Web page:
According to court papers in the Akkerland case, a “notice of intention to expropriate” was sent to the owners in October last year. The owners made representations in which they disputed the validity of the claim and the proposed amount of compensation.
Nkoana-Mashabane, who was appointed to the portfolio in March, authorised the expropriation in April.
Theon Smith, Akkerland’s attorney, confirmed that they were disputing the price that government had offered for the farms, but also the Musekwa community’s claim to the farm.
Smith said the upsetting part of his client’s case was the fact that the minister ignored legislation that requires Akkerland’s owners to be given an opportunity to make their case in court.
The owners argue that the land reform commission itself initially found that the Musekwa community’s claim was only proven in respect of one of the two farms, Lukin 643. After additional research, the commission also allowed the claim in respect of Akkerland’s second farm, Salaita 188.
But Akkerland says the claim has never been proven.
Negotiations began in 2013 and, according to the department, Akkerland was willing to sell the farms.
However, Akkerland also had an offer of R20m from Coal of Africa, which wanted to buy the farm for the controversial Makhado coal mining project. This was, however, subject to the approval of the land claims commission because of the pending land claim.
DDP Valuers, hired by government, put the value of the property and all the improvements at R20.75m in 2015. The Valuer-General approved the amount and it was offered by the government as compensation. Akkerland has, however, disputed that the compensation is reasonable.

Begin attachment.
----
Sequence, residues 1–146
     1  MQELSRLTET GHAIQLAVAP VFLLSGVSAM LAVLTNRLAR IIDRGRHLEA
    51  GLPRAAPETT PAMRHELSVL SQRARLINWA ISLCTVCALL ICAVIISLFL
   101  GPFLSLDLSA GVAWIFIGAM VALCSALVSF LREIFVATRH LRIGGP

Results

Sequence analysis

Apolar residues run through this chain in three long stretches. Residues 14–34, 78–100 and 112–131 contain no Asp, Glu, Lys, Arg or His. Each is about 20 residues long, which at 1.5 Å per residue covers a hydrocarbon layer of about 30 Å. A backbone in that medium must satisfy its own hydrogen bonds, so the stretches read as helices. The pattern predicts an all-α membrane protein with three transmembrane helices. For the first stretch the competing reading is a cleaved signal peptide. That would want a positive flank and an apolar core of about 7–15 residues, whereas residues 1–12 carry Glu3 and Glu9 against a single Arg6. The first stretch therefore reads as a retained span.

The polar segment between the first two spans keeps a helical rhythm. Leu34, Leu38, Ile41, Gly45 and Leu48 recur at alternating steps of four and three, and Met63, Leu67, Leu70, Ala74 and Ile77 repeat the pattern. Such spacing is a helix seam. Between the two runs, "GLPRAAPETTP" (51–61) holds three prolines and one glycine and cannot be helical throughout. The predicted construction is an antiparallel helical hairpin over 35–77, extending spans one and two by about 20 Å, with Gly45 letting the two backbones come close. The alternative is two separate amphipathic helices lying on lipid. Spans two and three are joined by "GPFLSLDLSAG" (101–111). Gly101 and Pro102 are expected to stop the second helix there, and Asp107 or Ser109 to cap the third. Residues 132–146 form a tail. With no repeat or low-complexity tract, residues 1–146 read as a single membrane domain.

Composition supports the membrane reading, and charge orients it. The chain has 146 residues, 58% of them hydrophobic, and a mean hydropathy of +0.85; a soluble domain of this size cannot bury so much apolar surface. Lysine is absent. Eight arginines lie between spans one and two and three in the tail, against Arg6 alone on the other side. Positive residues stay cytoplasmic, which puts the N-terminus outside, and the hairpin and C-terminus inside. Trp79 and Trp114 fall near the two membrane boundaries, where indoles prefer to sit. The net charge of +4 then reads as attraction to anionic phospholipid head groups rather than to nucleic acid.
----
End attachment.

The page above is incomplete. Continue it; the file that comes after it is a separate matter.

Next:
According to Akkerland’s court papers, the owners had an independent valuation done in 2011 which put the value of the farms at R200m.
In other correspondence that has been submitted to court, Akkerland said it had received a valuation of R50m in 2011, and that was only if the farms were developed into an eco-estate with 300 stands.
Smith did not want to comment on these apparent inconsistencies.
In another test case before the courts that AgriSA is also involved in, owners are challenging the Valuer-General’s determinations in respect of compensation to be paid for expropriated property.
Last week, Rapport reported that more than 30 property owners in KwaZulu-Natal are facing expropriation because they refuse to accept the Valuer-General’s valuation. They are of the opinion that the joint value of their property is R760m, while government is offering R460m.
These farmers are disputing the formula that the Valuer-General uses to determine the value of property.
According to them, the formula puts too little emphasis on the market value of land, improvements and the existing purpose for which the land is used.
Three other factors prescribed by the Property Valuation Act are: how the property was acquired, how much state assistance the land owner received over the years and the purpose of the expropriation.